It's strange that these pics indicate that I'm in dryer woodland because I heard that around here it gets the most rain out of all of USA, more than Seattle which I heard is mostly cloudy and rainy over there. Here, when it rains, it pours, with t storms.

I found some plants on the list. It's not many but its the 2 main ones:
https://drive.google.com/open?id=1vWr4rBCWd_UuCSD7_aGoV3gT9Ee8tRbmtA
https://drive.google.com/open?id=19hqlj6YXAlsLlQ4HJhpYbwxNTYAU-CzqJQ
mainenhair and rattlesnake fern (please correct me if I'm wrong)

and stinging nettle:
https://drive.google.com/file/d/1DKDSCpMGiK8TTG3lgBGWhjjLdi_YL06KXA/view?usp=sharing
(I assume this is stinging nettle since the leaves look like this:
https://youtu.be/TkGnhqRAQRA?t=3m42s

3 years ago

Deb Rebel wrote:There is 'farming' of ginseng by raised beds with the right soil mix, watering, under serious shade and using blue-green plastic to give the right light mix but this is a lot of work and very expensive to do. And there will still be a five year minimum lead to getting the first crop if one is lucky, and no visits by rodents, deer, or two legged poachers. If as others are reporting, the land is too warm, dry (as indicated by the stuff growing there already) and with too much light, one might seriously reconsider trying to grow this crop and look into something else to grow instead.



Well some of the pics do show some areas where there aren't as many trees, but here's some other pics of the general area:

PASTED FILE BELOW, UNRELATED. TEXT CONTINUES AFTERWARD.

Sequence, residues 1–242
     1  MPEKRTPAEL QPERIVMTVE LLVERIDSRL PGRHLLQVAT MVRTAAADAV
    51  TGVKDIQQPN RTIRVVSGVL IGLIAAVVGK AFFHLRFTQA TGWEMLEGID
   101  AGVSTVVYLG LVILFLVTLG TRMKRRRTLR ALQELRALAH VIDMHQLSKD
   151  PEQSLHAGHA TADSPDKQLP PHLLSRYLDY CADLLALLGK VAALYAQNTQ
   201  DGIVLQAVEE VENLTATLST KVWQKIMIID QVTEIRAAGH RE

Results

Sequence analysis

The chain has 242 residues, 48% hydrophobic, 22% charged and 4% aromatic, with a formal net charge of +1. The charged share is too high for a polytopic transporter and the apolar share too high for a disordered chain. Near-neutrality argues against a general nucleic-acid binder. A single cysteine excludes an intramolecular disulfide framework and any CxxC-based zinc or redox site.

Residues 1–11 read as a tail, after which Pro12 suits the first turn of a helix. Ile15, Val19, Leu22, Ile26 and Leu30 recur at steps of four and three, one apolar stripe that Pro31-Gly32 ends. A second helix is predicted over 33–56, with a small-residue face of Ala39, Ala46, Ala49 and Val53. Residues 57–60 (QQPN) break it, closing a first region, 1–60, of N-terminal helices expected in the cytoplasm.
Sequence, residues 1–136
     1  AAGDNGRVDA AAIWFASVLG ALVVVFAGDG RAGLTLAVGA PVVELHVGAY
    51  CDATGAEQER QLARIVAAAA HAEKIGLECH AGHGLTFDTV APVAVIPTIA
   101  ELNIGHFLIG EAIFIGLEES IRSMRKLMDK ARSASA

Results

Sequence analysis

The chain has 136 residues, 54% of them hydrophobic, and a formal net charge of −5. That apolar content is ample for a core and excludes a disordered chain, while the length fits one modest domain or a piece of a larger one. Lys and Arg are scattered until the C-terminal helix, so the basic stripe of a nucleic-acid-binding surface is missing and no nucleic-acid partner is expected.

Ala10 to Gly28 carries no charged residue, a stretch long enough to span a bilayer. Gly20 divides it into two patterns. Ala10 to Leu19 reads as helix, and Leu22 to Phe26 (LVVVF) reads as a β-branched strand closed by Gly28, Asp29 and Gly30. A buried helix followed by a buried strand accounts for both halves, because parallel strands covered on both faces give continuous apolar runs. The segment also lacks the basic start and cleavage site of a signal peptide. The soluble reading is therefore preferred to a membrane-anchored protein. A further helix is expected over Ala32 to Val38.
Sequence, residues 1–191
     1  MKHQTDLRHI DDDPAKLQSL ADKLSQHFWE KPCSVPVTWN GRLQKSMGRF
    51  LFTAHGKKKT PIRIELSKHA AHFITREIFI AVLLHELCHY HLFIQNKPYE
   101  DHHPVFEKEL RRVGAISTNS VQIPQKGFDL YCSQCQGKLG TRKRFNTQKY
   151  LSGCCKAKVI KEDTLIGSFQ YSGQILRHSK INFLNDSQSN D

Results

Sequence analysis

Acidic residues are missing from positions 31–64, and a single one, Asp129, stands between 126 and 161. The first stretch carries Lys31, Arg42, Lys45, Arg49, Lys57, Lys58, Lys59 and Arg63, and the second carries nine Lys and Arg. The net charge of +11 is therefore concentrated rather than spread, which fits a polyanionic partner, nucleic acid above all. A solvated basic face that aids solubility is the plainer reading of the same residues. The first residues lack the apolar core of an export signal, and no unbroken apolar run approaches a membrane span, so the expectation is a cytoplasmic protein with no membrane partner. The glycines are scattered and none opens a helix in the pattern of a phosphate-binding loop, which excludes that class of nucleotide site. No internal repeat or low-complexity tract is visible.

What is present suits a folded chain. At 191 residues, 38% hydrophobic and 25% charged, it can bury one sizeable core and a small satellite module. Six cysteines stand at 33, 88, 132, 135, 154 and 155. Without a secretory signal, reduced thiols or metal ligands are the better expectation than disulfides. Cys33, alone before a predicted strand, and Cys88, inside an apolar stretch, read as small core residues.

https://drive.google.com/open?id=13StwiBcVnWhDPGjNdjC8w-cQFOscxLQhrw
https://drive.google.com/open?id=1_133giMEagRqn8ao5WeIXCNw0IFptuFVtA
https://drive.google.com/open?id=1cIIHmLKws0OlG5oZFYmSincW7C589l_LkQ
https://drive.google.com/open?id=1R8rnyQG8vcouM29_DwFYXqO6eQdSbudZxA
https://drive.google.com/open?id=17iSHXolrhuoVnOGsnvL11MJ2Xm4ZvBVOaA
https://drive.google.com/open?id=18TdsSpcoQrngW4YbBMno0xQMbg4ETnifnQ
https://drive.google.com/open?id=169vj_kfzhbpCaEspOjUPcQ6AIfMoa5mgpg
https://drive.google.com/open?id=1nIoIuNSty0A9BIKjeB605UpbFVUli6QHaA
vids:
https://drive.google.com/open?id=1zxQObfxOQokJpVtRdBqNO4ZlVzFA0FO8bQ
https://drive.google.com/open?id=1-eFwDKrTMjeoZBZMvffJTCW9Wq4GOKW8BQ
https://drive.google.com/open?id=1TpjXTVvxsJJKHA1GyUvyD3Mm-4TprRVcqg
https://drive.google.com/open?id=1Aokxns4PrdbmGQQPR4VZ5TJHXqPEIV0oqA

some areas have alot of smaller trees and can't even be walked in. That area I won't be growing. Some areas have a big open area where too much sunlight can get into. I think I showed pics of that area, which I shouldn't have. I won't be planting there.

But alot of the areas where I do visually see about 75% shade, those areas don't really have alot of undergrowth. Is that spot OK to grow or do I need to actually find ferns and stinging nettle on that exact spot to plant my ginseng?